Working for birds in Africa

News

Friday, January 7, 2011

The primary causes are changes in land use and other human activity, particularly the poisoning of livestock carcasses intended to kill lions and other large predators. Vultures quickly die after scavenging on the tainted carcasses. "Staggering declines in abundance were found for seven of eight scavenging raptors surveyed,” said co-author Munir Virani. “Better land management and a ban on certain pesticides are needed to preserve these keystone members of the scavenging community.” “The situation in Kenya perhaps mirrors the situation throughout eastern Africa,” Virani said.

Friday, December 17, 2010

The total found and reported by ornithologists is thus nearly 80, but this is surely just the tip of the iceberg. In the past, the area around Port Sudan was the most significant known stop-over site of Egyptian Vultures in Sudan during its autumn migration. However despite that the fact that the expedition took place in September / October during the peak migration period, very few were seen.

Monday, December 6, 2010

Removed by the CapeNature team the chicks were rapidly taken ashore by the Dyer Island Conservation Trust's research boat, Lwazi (Knowledge), before being transported to SANCCOB'S rescue centre in Cape Town where they will be fed and cared for about three months.  The chicks will then be released back into the breeding colony at Dyer Island.

The African Penguin was recently declared an endangered species. Dyer Island is one of the most important breeding colonies of the African Penguin but it now has fewer than 1200 breeding pairs following a 55% decline in the population.

Thursday, November 25, 2010

Prince Ruspoli’s Turaco (Vulnerable), is a macaw-sized bird with scarlet and navy-blue wings, long tail and green-and-white head. It was first discovered among the personal effects of Prince Ruspoli after he was crushed to death by an elephant in 1893. As the unfortunate nobleman had not had time to label the specimen, its origins remained a mystery for half a century before the species was seen in the wild by an English naturalist in southern Ethiopia.

Monday, November 22, 2010

“There is every reason for us to protect the Gola Forest on both sides of our border, since doing so will ensure that it will continuously provide ecological services to the surrounding communities”, said presidents of Liberia H.E. Ellen Johnson-Sirleaf and Sierra Leone H.E. Dr Ernest Bai Koroma in a joint statement presented at a recent conference in Sweden.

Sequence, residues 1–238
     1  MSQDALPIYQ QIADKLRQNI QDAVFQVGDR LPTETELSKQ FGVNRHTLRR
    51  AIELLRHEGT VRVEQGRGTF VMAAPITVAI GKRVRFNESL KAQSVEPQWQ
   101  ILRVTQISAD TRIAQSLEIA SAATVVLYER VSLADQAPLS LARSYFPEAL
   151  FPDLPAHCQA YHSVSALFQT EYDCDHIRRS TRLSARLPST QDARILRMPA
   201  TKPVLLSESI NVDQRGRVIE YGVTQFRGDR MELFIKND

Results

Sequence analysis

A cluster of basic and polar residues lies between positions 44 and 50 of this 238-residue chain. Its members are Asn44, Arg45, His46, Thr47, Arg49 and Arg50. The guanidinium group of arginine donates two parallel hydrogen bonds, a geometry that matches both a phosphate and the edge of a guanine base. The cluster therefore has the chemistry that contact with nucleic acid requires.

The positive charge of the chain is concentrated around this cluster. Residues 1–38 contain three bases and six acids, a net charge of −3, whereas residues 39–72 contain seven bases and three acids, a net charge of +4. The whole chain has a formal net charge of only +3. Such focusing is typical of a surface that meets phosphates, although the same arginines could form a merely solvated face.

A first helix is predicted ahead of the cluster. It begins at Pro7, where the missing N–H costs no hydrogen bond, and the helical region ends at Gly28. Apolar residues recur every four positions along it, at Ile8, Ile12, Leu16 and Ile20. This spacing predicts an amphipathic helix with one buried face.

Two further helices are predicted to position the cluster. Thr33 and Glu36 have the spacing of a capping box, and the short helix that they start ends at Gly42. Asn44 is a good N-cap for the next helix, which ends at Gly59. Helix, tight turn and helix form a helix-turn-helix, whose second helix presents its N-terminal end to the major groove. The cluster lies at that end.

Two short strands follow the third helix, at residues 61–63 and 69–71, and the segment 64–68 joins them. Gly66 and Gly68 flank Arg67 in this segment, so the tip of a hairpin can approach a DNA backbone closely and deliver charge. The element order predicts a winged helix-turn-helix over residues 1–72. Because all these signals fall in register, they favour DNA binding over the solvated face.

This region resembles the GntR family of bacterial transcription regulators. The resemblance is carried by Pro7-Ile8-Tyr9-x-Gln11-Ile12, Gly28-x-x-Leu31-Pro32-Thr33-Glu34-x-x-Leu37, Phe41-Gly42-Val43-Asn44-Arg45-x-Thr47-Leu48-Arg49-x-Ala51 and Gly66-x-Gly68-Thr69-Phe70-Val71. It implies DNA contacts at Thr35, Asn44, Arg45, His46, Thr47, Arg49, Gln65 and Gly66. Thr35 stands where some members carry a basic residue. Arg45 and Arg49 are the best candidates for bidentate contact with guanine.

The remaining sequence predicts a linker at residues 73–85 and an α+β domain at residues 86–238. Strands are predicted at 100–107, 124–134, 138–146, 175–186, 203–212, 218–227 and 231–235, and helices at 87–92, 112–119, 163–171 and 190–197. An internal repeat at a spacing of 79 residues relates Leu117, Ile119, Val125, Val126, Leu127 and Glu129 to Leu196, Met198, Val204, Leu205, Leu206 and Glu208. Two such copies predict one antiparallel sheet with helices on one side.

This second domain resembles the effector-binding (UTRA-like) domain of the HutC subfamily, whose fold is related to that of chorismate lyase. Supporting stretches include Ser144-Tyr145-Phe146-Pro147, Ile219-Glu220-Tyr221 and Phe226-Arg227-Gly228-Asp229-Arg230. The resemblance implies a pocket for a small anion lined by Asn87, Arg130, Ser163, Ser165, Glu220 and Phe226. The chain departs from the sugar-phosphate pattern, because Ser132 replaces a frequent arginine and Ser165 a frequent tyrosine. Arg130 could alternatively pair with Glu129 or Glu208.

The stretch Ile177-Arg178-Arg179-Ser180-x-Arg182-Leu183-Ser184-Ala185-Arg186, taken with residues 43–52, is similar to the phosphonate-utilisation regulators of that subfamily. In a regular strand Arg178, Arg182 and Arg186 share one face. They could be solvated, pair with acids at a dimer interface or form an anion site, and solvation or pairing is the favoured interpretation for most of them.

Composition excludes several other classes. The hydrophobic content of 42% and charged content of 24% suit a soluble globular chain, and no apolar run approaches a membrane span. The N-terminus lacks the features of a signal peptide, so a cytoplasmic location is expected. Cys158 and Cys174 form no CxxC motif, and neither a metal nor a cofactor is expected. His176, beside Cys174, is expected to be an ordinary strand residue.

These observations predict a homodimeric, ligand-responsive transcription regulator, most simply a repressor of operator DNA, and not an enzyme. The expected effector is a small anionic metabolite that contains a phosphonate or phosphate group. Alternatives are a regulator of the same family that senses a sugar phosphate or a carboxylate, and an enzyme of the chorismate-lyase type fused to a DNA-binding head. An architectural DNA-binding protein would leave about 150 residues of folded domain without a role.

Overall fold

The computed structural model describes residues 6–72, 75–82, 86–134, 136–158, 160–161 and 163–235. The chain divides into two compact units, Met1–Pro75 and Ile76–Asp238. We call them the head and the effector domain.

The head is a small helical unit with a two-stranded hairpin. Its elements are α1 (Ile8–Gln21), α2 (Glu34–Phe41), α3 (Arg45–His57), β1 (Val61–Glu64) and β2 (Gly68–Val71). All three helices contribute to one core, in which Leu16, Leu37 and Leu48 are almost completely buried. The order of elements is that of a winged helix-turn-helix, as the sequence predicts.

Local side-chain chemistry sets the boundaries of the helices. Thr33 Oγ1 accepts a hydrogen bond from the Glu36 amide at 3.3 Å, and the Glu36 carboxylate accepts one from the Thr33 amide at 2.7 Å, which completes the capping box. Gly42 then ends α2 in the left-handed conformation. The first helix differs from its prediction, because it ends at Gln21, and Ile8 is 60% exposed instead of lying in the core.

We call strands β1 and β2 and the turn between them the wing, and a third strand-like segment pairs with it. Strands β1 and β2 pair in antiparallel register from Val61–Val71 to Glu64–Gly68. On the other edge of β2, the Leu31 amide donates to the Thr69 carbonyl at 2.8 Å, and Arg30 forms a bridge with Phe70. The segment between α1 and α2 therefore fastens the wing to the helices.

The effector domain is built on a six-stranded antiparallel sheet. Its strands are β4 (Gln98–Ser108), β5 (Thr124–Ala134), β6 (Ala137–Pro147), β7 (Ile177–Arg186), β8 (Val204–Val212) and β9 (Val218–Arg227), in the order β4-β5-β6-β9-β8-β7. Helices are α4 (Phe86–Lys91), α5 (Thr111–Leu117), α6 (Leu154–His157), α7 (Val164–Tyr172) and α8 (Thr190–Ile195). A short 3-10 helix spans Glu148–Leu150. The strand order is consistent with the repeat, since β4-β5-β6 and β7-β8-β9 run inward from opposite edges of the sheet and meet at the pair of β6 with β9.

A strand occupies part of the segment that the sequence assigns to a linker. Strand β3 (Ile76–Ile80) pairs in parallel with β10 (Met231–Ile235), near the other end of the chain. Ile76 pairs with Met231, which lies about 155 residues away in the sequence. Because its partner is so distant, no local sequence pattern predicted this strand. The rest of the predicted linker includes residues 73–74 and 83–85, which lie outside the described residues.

Tuesday, November 16, 2010

Tim Stowe, the RSPB’s director of international operations, said: “We are seeing the impact of European renewable fuel targets first hand with our work in Kenya. The Tana River Delta and the Dakatcha Woodlands are both hugely important areas for wildlife and they are currently at risk from irresponsible and unsustainable biofuel plantations.

Monday, November 15, 2010

Amboseli National Park lies immediately north-west of Mount Kilimanjaro, on the border with Tanzania. It has been identified as an Important Bird Area, and has a rich avian fauna with over 400 bird species recorded, including over 40 birds of prey including Vulnerable Lesser Kestrel Falco naumanni which uses the site during its migration period.

Amboseli National Park is surrounded by six communally-owned group ranches that are wet-season dispersal areas for wildlife, and whose management has direct influence on the ecological stability of the park.

Wednesday, November 3, 2010

The Wattled Crane Bugeranus carunculatus is the most severely threatened crane on the African continent. Recent surveys in Botswana, Mozambique, Tanzania and Zambia, countries long thought to be strongholds for the Wattled Crane, show that the global population is only half of what has been reported in recent years. Some of the greatest losses have occurred in South Africa, where a 38% decline between 1980 and 2000 left the national population Critically Endangered.

Friday, October 8, 2010

For biofuels in particular, the pressure on land is mounting in Africa and European governments, including our own are not able to identify good sources from bad – a fundemental flaw in policy that risks a wave of damaging landuse change.

Tuesday, October 5, 2010

Collectively termed the Eastern Afromontane Biodiversity Hotspot, the region covers a total area of more than one million km2 across sixteen countries and is made up of three ancient massifs: the Eastern Arc Mountains and Southern Rift, the Albertine Rift, and the Ethiopian Highlands.

Pages

Subscribe to News

Copyright © African Bird Club. All rights reserved.
UK registered charity 1184309

Southmedia

Web site designed and built by